Taking care of business: the impact of culture and gender on entrepreneurs’ blended value creation goals

Taking care of business: the impact of culture and gender on entrepreneurs’ blended value... We examine entrepreneurs’ economic, social, and environmental goals for value creation for their new ventures. Drawing on ethics of care and theories of societal post-materialism, we develop a set of hypotheses predicting patterns of value creation across gender and countries. Using a sample of 15,141 entrepreneurs in 48 countries from the Global Entrepreneurship Monitor, we find that gender and cultural values of post-materialism significantly impact the kinds of value creation emphasized by entrepreneurs. Specifically, women entrepreneurs are more likely than men to emphasize social value goals over economic value creation goals. Individuals who start ventures in strong post-materialist societies are more likely to have social and environmental value creation goals and less likely to have economic value creation goals. Furthermore, as levels of post-materialism rise among societies, the relationship between value creation goals and gender changes, intensifying both the negative effect of being female on economic value goals and the positive effect on social value goals. In other words, post-materialism further widens the gender gap in value creation goals. http://www.deepdyve.com/assets/images/DeepDyve-Logo-lg.png Small Business Economics Springer Journals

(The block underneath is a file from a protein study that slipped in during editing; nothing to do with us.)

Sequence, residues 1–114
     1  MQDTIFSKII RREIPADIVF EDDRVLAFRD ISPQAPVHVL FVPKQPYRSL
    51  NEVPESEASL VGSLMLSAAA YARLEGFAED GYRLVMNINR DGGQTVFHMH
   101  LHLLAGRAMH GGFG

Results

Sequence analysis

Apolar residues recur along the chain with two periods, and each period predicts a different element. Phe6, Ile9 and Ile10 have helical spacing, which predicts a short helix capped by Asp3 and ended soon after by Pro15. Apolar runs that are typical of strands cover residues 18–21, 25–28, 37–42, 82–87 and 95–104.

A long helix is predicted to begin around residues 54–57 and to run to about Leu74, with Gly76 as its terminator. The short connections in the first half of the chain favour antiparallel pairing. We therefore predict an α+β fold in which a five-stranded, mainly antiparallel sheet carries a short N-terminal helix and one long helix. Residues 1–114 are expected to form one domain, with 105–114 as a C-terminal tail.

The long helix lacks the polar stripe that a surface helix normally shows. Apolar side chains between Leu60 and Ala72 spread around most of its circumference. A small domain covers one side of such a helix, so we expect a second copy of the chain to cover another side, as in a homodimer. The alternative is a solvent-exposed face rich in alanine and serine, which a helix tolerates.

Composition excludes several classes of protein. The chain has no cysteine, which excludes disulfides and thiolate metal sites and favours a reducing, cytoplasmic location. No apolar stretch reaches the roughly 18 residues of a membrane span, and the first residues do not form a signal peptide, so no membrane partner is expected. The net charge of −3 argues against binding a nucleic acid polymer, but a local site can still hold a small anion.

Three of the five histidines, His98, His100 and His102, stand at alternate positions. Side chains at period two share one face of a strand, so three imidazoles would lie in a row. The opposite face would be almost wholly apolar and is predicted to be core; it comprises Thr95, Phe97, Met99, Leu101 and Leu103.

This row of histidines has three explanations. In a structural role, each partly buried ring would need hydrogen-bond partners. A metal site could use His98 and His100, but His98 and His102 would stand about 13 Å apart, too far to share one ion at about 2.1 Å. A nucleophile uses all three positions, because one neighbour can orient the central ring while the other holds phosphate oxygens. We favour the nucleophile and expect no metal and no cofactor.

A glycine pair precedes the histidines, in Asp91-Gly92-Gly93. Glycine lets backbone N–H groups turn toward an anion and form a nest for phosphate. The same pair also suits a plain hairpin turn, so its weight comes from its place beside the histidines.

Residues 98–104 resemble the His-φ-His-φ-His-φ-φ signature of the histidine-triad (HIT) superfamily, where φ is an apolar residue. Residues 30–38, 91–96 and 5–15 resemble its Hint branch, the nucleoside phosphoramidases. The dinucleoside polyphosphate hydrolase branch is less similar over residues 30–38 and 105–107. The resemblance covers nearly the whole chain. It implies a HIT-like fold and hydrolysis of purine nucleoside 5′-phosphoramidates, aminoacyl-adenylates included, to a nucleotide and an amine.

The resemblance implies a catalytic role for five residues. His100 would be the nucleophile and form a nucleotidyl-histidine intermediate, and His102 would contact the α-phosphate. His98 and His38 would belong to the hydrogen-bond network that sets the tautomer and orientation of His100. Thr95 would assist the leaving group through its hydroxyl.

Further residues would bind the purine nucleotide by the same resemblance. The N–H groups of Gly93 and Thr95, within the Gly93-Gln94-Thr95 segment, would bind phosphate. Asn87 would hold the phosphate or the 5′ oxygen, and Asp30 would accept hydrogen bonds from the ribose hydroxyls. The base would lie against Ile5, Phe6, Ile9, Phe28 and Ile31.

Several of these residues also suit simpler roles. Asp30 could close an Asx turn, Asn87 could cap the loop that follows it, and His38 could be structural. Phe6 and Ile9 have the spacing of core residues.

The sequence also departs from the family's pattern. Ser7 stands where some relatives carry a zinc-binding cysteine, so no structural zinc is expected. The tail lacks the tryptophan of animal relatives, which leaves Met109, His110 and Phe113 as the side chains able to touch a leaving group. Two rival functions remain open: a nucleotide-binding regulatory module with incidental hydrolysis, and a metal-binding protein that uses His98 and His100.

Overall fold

Taking care of business: the impact of culture and gender on entrepreneurs’ blended value creation goals

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Publisher
Springer US
Copyright
Copyright © 2016 by Springer Science+Business Media New York
Subject
Business and Management; Management; Microeconomics; Entrepreneurship; Industrial Organization
ISSN
0921-898X
eISSN
1573-0913
D.O.I.
10.1007/s11187-016-9747-4
Publisher site
See Article on Publisher Site

Abstract

We examine entrepreneurs’ economic, social, and environmental goals for value creation for their new ventures. Drawing on ethics of care and theories of societal post-materialism, we develop a set of hypotheses predicting patterns of value creation across gender and countries. Using a sample of 15,141 entrepreneurs in 48 countries from the Global Entrepreneurship Monitor, we find that gender and cultural values of post-materialism significantly impact the kinds of value creation emphasized by entrepreneurs. Specifically, women entrepreneurs are more likely than men to emphasize social value goals over economic value creation goals. Individuals who start ventures in strong post-materialist societies are more likely to have social and environmental value creation goals and less likely to have economic value creation goals. Furthermore, as levels of post-materialism rise among societies, the relationship between value creation goals and gender changes, intensifying both the negative effect of being female on economic value goals and the positive effect on social value goals. In other words, post-materialism further widens the gender gap in value creation goals.

Journal

Small Business EconomicsSpringer Journals

Published: Jul 1, 2016

References

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